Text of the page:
Marcin Rey, the creator of the profile Rosyjska V kolumna w Polsce (Russian V Column in Poland) had similar observations. He noticed that Russians will stimulate all the sentiments, even those theoretically anti-Russian ones. The fact that something looks anti-Russian, is no alibi. In Rey’s opinion, the classical example is a nationalist who is averse to all foreign countries, including Russia. As long as he slanders Ukraine, he will be welcomed.

However, someone is needed to feed with content both clueless nationalist from the example or a member of pro-Russian organisation. Not always is it a leading officer, presenting himself openly: “Good morning, I’m an agitator and agent and from now on you’re supposed to listen to me”. It would be too naïve. The recent publication of sheds light on where the conscious and involuntary agitators come from.

“Why no one points out America starting wars all the time?”

A group of Polish journalists visited Moscow at the beginning of May. The stay in Russian capital was the culmination point of their trip financed by the Alexander Gorchakov Public Diplomacy Fund (established in 2010 by the Russian president Dmitri Medvedev, the fund has in its statute goals, among others, promoting Russian social programs outside of the country and supporting of Russian-speaking media) – the portal informed. In Petersburg, the journalists were accompanied by Leonid Sviridov who had to leave Poland in the late 2015. He was accused in media of spy activity for Russia.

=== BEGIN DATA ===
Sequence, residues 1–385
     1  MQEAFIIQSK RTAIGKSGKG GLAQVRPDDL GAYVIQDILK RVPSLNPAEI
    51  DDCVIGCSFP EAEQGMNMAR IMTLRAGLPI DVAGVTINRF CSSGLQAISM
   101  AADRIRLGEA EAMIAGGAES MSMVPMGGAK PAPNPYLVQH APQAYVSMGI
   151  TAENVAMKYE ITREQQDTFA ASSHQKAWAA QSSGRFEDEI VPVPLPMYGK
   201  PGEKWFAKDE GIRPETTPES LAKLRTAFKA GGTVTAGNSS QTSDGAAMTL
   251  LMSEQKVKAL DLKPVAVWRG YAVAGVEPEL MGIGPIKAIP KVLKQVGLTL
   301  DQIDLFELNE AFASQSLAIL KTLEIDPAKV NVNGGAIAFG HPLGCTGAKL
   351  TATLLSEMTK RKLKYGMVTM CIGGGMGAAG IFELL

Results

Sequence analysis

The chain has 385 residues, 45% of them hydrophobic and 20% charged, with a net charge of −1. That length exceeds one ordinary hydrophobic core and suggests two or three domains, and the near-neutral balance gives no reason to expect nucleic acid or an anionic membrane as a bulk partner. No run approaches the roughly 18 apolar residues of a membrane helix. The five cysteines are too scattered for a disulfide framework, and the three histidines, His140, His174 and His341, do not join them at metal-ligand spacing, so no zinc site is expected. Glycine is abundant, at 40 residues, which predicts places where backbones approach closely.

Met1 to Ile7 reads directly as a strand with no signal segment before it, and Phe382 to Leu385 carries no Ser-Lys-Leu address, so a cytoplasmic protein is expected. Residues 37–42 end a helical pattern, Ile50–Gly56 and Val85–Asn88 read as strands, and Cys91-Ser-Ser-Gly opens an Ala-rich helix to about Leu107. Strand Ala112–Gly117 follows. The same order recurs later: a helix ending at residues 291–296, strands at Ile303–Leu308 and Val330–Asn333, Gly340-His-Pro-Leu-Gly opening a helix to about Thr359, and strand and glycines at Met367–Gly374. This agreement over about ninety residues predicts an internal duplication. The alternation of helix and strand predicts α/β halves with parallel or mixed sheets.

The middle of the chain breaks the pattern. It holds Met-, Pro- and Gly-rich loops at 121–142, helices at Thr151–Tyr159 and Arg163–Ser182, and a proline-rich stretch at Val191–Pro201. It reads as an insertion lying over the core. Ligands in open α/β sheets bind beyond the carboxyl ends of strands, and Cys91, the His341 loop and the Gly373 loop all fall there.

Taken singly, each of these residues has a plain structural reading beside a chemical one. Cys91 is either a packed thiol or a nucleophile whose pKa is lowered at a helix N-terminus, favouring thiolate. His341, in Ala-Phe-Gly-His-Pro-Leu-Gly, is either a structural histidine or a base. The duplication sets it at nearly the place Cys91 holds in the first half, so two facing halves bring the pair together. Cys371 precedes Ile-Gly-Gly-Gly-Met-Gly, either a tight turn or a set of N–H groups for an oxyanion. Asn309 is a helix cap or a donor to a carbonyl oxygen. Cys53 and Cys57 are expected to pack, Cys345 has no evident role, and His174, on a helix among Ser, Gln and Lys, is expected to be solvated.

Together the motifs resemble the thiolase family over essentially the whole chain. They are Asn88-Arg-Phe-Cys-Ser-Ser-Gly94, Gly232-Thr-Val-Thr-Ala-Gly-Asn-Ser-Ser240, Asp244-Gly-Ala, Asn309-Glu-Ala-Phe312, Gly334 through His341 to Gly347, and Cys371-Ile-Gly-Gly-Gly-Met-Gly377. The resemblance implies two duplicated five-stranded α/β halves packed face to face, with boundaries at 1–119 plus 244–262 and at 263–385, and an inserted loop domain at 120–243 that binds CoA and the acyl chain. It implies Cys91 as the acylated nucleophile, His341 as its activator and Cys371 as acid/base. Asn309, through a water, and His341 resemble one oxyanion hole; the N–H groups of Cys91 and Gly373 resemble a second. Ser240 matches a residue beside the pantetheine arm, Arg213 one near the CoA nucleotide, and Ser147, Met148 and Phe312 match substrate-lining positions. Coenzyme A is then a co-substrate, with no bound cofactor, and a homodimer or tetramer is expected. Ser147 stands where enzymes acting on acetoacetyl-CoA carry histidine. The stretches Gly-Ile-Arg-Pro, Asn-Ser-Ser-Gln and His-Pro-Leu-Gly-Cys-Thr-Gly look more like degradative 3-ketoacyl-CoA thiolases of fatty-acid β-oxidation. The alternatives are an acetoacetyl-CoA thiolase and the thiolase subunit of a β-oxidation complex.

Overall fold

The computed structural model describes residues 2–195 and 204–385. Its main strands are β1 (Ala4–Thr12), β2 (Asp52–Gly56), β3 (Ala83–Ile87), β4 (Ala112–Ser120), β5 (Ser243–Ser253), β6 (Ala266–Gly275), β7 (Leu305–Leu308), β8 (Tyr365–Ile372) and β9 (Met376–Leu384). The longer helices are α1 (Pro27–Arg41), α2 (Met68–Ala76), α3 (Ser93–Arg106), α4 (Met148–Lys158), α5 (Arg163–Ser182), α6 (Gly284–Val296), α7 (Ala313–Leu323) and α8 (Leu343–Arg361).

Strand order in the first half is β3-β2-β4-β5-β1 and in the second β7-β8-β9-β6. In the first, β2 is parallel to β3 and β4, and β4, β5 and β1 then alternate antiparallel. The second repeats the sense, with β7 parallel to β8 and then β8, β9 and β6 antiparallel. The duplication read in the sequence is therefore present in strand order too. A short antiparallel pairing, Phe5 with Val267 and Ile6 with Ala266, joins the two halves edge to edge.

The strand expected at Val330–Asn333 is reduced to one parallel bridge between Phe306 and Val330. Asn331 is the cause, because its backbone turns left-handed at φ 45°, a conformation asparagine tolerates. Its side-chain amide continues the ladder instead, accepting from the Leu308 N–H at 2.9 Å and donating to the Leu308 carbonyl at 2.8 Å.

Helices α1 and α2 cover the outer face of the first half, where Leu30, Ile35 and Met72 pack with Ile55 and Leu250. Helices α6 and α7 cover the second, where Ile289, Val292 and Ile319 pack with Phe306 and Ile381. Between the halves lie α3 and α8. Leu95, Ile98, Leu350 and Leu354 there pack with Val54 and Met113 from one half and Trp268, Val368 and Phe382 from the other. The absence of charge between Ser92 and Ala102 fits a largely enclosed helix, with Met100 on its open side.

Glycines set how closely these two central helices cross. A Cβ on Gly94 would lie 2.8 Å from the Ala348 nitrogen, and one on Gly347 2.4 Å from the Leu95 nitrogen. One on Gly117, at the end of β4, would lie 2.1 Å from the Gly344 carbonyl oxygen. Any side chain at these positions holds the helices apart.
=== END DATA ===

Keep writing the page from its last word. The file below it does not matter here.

Leonid Drachevsky (former Russian Federation ambassador in Warsaw and deputy minister of foreign affairs of Russia) also expressed his joy from the meeting with Polish journalists. They met on the 10th of May to (as the fund’s website states) discuss the matter of direct contacts between Polish and Russian civil societies.


What is worth noticing, Russians did not segregate the invited journalists according to their political views. In the excursion participated both journalists from leftist „Nie”, as well as from right-wing journals, for example Agnieszka Piwar (“Myśl Polska”,, “Opcja na prawo”, former secretary of the Catholic Journalists Association – Katolickie Stowarzyszenie Dziennikarzy).